Federal judge dismisses Rudy Giuliani's bid for new defamation trial

A bid by former New York City Mayor Rudy Giuliani to gain a new trial after being slapped with a $148 million civil defamation judgment in December was turned aside by a federal judge on Monday. File Pool Photo by Chip Somodevilla/UPI

April 15 (UPI) -- A federal judge on Monday tossed out a motion by former Donald Trump campaign official Rudy Giuliani seeking to have a $148 million defamation judgment against him dismissed.

Calling the former New York mayor's arguments for the proposal for a new trial "threadbare," U.S. District Judge Beryl Howell instead ruled decisively in favor of former Georgia election workers Ruby Freeman and Wandrea "Shaye" Moss, who were awarded the sum by a federal jury in December.

"Giuliani's renewed motion urging this court to reverse its prior findings and rulings and to override the jury's considered verdict on the basis of five threadbare arguments falls well short of persuading that 'the evidence and all reasonable inferences that can be drawn therefrom are so one-sided that reasonable men and women could not have reached a verdict in [plaintiffs'] favor," Howell wrote in her ruling.

Freeman and Moss, who are mother and daughter, originally sought at least $24 million each for Giuliani's defamatory statements accusing them of helping steal the 2020 presidential election from Trump. They claimed his statements exposed them to a torrent of threats and harassment.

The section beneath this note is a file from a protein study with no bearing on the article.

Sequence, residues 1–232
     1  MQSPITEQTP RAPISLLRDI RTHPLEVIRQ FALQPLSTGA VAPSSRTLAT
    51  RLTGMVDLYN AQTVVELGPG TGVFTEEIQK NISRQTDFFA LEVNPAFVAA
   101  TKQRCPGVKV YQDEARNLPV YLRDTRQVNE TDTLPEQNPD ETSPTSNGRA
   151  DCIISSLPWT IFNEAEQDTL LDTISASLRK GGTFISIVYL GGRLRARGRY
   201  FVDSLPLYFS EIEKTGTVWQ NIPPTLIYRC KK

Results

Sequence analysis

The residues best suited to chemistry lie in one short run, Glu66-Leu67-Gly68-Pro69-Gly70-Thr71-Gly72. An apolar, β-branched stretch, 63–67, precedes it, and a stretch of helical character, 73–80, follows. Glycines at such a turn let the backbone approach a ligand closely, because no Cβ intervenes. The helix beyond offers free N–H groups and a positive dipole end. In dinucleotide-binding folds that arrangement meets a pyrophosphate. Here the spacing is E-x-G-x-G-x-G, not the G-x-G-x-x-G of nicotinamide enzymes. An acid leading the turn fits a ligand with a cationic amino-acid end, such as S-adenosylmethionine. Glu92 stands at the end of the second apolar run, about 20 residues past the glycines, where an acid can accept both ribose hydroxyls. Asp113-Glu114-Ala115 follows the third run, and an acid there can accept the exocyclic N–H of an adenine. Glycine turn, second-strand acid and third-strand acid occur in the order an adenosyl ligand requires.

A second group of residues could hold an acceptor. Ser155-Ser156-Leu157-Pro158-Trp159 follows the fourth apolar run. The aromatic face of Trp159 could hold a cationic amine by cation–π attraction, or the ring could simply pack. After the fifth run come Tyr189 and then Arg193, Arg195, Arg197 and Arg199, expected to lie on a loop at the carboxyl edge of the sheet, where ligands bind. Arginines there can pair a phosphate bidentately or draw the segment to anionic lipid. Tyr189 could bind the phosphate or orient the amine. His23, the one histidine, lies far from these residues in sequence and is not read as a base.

Giuliani acknowledged defaming Freeman and Moss with malice in the case's final judgment but blasted the amount of the penalty as "absurd" and vowed to appeal.

Days later he filed for Chapter 11 bankruptcy.

In her ruling Monday, Howell dismissed his arguments for a new trial, including assertions the jury's awarding of $20 million each for emotional harm suffered by Freeman and Moss was based on a lack of "competent evidence'" since there was no expert testimony as to how much of their distress was caused by Giuliani "as opposed to other sources that pre-dated Giuliani's alleged conduct."

"This contention falls flat, given the well-settled law in this circuit that a plaintiff's testimony, standing alone, may support a claim for damages for emotional distress, where, as here, no proof of physical harm is required," the judge wrote.

The plaintiffs, she said, gave "credible and detailed testimony" about the "mental pain and suffering, fear, inconvenience, nervousness, indignity, insult, humiliation, or embarrassment ... [they] suffered because of Mr. Giuliani and his co-conspirators."

Giuliani also is facing criminal charges in a case brought by Georgia prosecutors for his alleged role in seeking to overturn the results of the state's 2020 presidential election won by Democrat Joe Biden. He has pleaded not guilty to the charges.